Sometimes the simplest things get me very excited. This week Mark Bittman was on The Today Show doing some cooking and prepping. Its the prepping tips that I was most impressed with. Something so basic.... prepping carrots and celery when you get home from the grocery store and then storing them in water filled tupperware containers. This simple tip keeps your veggies prominent in the fridge so you eat them before they go bad. I can't begin to tell you how many bags of celery we've seen go bad in the back of the crisper. Chalk another one up for Mr. Bittman.
Here are a few things that you can institute right now in your diet to get you on your way to eat healthier and keep your weight, cholesterol and blood sugar down while being good to the environment.
1. Eat more fruits and vegetables. If it seems like you hear this alot from the nutritional community, there's a good reason. Eating more produce is one of the few things we can do to improve our health that is known for sure. Often we hear one "expert" or another touting the latest supplements that will make us healthier. Most of these claims are unfounded. The truth is, it is very difficult for nutrition science to determine which nutrients are most important. Some produce may contain vital nutrients that are yet to be discovered. Among the other reasons to eat more produce: you will take in more vitamins and antioxidants, increase your fiber intake which slows digestion, stay full longer, keep your bowels regular, keep your cholesterol down and your blood sugar more steady. All in all, getting at least 5 servings of fruits and vegetables a day is great for your health. A serving can be as simple as a piece of fruit or a couple spoonfuls of green beans at dinner.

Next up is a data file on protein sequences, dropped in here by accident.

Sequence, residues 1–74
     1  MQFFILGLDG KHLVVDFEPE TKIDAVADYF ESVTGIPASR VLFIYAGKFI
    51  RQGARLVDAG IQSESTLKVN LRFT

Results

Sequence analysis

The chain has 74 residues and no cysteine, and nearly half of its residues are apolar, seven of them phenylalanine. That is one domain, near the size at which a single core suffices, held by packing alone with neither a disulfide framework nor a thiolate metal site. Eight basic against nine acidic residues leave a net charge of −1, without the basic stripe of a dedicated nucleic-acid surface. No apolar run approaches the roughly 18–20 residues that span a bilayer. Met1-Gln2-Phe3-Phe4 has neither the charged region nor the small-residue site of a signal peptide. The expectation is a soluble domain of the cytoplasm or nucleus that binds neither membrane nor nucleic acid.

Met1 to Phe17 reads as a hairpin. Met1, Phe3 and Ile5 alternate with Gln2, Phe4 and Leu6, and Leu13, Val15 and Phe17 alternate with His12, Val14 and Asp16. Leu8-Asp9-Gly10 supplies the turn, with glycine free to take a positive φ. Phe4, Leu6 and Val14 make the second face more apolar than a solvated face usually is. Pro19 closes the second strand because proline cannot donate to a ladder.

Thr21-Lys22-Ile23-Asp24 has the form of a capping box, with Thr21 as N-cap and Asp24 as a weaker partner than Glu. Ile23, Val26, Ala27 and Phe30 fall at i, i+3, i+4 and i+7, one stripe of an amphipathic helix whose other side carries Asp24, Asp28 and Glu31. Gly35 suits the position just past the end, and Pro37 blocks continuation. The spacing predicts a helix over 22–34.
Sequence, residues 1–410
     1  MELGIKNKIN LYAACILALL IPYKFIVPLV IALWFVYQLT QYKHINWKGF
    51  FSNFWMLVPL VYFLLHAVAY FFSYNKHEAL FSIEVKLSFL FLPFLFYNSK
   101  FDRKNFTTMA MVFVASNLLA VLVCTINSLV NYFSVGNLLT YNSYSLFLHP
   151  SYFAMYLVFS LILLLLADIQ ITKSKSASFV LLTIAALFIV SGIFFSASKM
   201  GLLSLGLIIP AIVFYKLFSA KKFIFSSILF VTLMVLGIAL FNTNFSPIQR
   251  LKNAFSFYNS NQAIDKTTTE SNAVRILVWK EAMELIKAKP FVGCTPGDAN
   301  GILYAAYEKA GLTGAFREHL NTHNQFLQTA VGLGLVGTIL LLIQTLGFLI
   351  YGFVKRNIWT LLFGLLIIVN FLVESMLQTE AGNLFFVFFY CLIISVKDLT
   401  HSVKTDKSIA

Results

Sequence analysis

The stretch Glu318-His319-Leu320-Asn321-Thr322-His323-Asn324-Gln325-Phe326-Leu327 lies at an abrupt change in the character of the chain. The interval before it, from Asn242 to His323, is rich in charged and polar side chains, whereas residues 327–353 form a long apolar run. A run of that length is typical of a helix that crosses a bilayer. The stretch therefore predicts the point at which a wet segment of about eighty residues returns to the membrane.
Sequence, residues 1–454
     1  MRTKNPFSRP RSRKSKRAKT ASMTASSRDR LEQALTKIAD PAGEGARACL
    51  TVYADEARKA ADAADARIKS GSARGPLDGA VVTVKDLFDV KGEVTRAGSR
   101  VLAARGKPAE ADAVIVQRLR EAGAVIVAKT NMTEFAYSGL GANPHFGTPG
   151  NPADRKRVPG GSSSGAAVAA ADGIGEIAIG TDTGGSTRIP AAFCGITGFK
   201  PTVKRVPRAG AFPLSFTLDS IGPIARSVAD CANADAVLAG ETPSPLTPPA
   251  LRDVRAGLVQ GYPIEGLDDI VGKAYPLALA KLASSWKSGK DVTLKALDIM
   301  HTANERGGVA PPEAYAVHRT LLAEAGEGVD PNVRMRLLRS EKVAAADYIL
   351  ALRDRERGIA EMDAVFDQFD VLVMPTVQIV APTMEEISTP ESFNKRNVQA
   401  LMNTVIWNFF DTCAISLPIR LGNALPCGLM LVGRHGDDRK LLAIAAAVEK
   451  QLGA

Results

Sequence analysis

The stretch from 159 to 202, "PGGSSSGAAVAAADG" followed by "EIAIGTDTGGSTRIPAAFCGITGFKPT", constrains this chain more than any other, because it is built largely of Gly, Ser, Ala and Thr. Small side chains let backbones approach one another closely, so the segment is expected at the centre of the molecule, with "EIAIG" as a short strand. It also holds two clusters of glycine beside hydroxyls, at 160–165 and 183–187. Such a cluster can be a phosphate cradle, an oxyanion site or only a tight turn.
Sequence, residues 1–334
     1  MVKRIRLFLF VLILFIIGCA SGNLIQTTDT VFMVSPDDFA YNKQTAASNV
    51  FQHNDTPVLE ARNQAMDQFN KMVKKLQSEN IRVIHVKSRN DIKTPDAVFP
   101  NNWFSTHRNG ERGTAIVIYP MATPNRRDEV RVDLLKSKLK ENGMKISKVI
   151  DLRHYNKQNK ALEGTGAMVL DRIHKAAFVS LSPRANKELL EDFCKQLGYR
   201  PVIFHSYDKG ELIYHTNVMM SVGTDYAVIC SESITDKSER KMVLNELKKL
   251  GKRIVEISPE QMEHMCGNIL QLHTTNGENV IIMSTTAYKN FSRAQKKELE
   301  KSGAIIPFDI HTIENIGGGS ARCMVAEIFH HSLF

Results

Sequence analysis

2. Eat Local. Buying local produce is a "win-win" for you, your community, the economy and the environment. When you buy from local farmers you cut down on the travel time it takes to get the food to you. This means everything is fresher, and likely more nutritious(produce loses nutrients as it sits in storehouses). This also cuts down on pollution from trucks and other transportation necessary for getting the food to your region. In addition, you support your local farmers and keep them operating. Finally, when you buy from your local farm or farmer's market, you know what you're getting. Any local farmer worth their salt will be happy to tell you how their food is grown, if they uses pesticides, and how fresh their produce is.
3. Eat more whole grains. Whole grains have the natural fiber that slows digestion, keeps you full longer and keeps your blood sugar stable. In addition, they keep your bowels regular! Your best bet is to avoid anything that is made with bleached enriched grains. This includes white bread, white rice, white pasta and most cakes and cookies and many cereals. Better items are brown or basmati rice, cous cous, whole wheat bread, whole wheat pasta. Most products made with whole grains are a little heavier and often a little chewier. They take a little while to get used to, but once you do, you will never go back.